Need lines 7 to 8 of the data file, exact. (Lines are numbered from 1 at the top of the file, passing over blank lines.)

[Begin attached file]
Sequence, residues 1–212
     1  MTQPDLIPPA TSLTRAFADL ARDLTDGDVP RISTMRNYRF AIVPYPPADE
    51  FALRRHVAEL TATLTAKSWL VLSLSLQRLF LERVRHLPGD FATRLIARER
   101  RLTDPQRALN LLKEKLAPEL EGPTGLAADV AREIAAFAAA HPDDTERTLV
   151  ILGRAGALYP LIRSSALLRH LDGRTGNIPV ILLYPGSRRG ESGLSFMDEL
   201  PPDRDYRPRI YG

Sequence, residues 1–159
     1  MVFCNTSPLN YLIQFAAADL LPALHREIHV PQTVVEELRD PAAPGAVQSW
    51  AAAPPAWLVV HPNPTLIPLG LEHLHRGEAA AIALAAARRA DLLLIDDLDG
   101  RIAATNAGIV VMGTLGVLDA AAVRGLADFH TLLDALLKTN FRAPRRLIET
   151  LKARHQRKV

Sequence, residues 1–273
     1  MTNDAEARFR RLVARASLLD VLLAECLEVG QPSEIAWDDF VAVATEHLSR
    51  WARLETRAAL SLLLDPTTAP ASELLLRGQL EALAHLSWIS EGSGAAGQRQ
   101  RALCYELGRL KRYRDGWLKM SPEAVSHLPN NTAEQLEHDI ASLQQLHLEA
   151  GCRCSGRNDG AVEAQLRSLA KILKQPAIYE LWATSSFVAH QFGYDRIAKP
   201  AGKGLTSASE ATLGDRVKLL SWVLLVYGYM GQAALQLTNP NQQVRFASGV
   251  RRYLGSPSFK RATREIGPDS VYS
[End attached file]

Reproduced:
Sequence, residues 1–159
     1  MVFCNTSPLN YLIQFAAADL LPALHREIHV PQTVVEELRD PAAPGAVQSW